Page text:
A high degree of satisfaction with the new materials was reported by teachers and health workers who had been trained in the new materials, when asked to carry out self-reporting questionnaire. This was found to contrast with the results of focus-group discussions of mothers attending well baby clinics, at home, in market places and with pupils at school who reported a low level of exposure to the new materials, although those who had been exposed to them were satisfied with them and recalled the messages well.
This report reviews the impact of methodological contributions for assessment amongst NGO development initiatives in West Africa. The review is an effort to provide Oxfam UK/I and Novib staff with the advances made in this region. The report discusses the kinds of impact that Oxfam and Novib development projects are trying to achieve as well as relevance to impact assessment in the West African context. Through the use of participatory methods of impact assessment, it examines the evaluation methods of various organisations in West Africa.
This is a resource book designed primarily for development workers working within the field of the rural poor. It describes a range of first-hand experiences with participatory approaches in the context of projects funded by The International Fund for Agricultural Development (IFAD), Non-Governmental Organizations (NGOs) and governments in Asia and the Pacific. The book is divided into a number of sections. Part One examines poverty and participation and explains why the poor should be targeted and in what ways this is possible. Part Two describes in detail the actual participatory approaches. Part three concentrates on participation in the project planning and implementation stage. Part Four assesses the monitoring impact and Part Five examines issues in participation with regards to institutions, partnerships and governance.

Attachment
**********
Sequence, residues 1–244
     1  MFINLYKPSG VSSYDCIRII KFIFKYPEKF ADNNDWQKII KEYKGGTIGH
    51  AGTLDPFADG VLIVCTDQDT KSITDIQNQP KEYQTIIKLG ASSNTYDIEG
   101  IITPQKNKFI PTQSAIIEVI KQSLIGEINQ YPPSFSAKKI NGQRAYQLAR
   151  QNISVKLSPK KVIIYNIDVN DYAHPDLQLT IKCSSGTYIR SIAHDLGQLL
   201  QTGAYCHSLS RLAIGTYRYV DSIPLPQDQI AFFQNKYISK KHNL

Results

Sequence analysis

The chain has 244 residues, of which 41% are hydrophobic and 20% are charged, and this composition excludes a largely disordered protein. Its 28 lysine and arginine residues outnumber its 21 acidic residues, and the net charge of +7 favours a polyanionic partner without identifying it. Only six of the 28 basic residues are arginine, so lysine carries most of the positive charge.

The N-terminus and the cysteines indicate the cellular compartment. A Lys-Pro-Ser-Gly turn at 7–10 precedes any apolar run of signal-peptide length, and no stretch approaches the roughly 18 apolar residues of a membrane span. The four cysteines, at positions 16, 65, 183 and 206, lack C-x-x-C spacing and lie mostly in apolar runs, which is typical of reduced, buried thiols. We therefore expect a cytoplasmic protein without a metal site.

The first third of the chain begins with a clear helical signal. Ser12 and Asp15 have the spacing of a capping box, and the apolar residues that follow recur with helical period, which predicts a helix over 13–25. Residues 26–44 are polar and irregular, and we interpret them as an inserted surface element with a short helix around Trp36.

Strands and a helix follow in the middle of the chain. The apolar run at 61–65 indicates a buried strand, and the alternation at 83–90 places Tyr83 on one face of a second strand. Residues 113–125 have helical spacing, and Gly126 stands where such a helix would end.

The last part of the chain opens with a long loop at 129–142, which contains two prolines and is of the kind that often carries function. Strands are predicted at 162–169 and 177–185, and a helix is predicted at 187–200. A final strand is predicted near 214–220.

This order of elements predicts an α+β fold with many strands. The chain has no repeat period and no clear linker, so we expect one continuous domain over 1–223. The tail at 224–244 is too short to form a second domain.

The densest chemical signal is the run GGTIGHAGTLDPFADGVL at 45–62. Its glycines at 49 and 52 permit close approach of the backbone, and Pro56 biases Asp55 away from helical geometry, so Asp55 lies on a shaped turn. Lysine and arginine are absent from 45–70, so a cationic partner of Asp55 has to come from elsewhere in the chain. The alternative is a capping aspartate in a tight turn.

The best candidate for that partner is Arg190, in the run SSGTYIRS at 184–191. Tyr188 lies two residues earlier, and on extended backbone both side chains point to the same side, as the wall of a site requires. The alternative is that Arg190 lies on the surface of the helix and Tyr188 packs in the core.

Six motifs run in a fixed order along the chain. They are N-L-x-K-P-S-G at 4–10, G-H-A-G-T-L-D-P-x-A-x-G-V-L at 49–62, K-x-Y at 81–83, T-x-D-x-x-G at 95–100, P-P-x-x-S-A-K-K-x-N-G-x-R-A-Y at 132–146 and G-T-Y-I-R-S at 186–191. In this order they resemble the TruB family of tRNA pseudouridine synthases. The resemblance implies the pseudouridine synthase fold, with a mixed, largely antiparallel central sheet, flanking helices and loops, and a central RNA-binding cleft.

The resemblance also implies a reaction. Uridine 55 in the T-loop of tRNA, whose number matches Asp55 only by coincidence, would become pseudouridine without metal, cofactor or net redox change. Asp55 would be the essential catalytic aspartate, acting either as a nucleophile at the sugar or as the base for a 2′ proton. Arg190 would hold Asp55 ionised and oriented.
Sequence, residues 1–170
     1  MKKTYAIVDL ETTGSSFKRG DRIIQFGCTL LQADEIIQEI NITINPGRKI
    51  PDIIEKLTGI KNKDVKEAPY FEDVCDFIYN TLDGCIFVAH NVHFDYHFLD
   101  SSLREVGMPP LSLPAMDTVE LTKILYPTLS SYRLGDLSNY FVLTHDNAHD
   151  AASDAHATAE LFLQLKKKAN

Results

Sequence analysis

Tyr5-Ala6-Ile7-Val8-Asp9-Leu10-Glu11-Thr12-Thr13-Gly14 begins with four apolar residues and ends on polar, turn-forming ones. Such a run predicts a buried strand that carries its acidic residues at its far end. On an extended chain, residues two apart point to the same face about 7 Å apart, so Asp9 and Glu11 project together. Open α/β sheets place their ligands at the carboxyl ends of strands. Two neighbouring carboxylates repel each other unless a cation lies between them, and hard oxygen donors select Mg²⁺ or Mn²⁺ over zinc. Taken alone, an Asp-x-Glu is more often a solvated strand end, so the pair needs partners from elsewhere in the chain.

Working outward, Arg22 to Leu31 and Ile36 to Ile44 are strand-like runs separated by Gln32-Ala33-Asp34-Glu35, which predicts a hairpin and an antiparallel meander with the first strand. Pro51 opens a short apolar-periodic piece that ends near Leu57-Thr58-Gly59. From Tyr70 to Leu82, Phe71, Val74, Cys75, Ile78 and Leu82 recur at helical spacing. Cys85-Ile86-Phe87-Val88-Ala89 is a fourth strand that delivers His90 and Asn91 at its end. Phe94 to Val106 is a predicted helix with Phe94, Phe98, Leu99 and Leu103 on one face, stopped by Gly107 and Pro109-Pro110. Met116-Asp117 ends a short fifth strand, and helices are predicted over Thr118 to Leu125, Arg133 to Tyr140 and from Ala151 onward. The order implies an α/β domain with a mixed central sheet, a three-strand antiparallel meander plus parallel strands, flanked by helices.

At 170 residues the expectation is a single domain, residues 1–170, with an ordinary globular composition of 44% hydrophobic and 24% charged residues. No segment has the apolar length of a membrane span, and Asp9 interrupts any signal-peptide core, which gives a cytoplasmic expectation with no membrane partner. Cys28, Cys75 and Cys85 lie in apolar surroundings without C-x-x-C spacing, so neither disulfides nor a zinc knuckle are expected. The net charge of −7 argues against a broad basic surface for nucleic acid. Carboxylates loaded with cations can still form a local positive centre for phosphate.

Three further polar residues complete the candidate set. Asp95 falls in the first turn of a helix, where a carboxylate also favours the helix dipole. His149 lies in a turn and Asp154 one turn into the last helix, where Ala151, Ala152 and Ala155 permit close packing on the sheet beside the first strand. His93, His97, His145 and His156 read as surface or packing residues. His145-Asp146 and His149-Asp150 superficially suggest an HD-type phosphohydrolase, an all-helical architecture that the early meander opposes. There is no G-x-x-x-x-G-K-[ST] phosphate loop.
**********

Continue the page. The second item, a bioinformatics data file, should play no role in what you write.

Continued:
Can Participatory Evaluation Meet the Needs of all Stakeholders? A Case Study: evaluating the World Neighbors West Africa Program
Participatory techniques are being used to a greater or lesser degree and in a variety of ways by more and more evaluators. This case study is a description of the methodology used during the participatory evaluation the author facilitated of the World Neighbors programmes in West Africa (Burkina Faso, Togo and Mali). During the one-week evaluation process in each of three programme sites a variety of participatory techniques were used, including PRA with villagers, focus group discussions, interviews with community leaders, roundtable discussions with representatives of other agencies working in the local area etc. But, did this process meet the needs of all stakeholders? At the village level participants gained new perspectives on the effect of the programme on their lives. The programme staff learned how to improve monitoring, routine evaluation, analysis and reporting. At the Area-wide Strategic Planning Conference, ideas and recommendations from the evaluation process shaped new action plans. Hence, the author argues the effectiveness of a community development programme should be measured in terms of how it influences decision-making by all stake-holders with responsibility for future plans.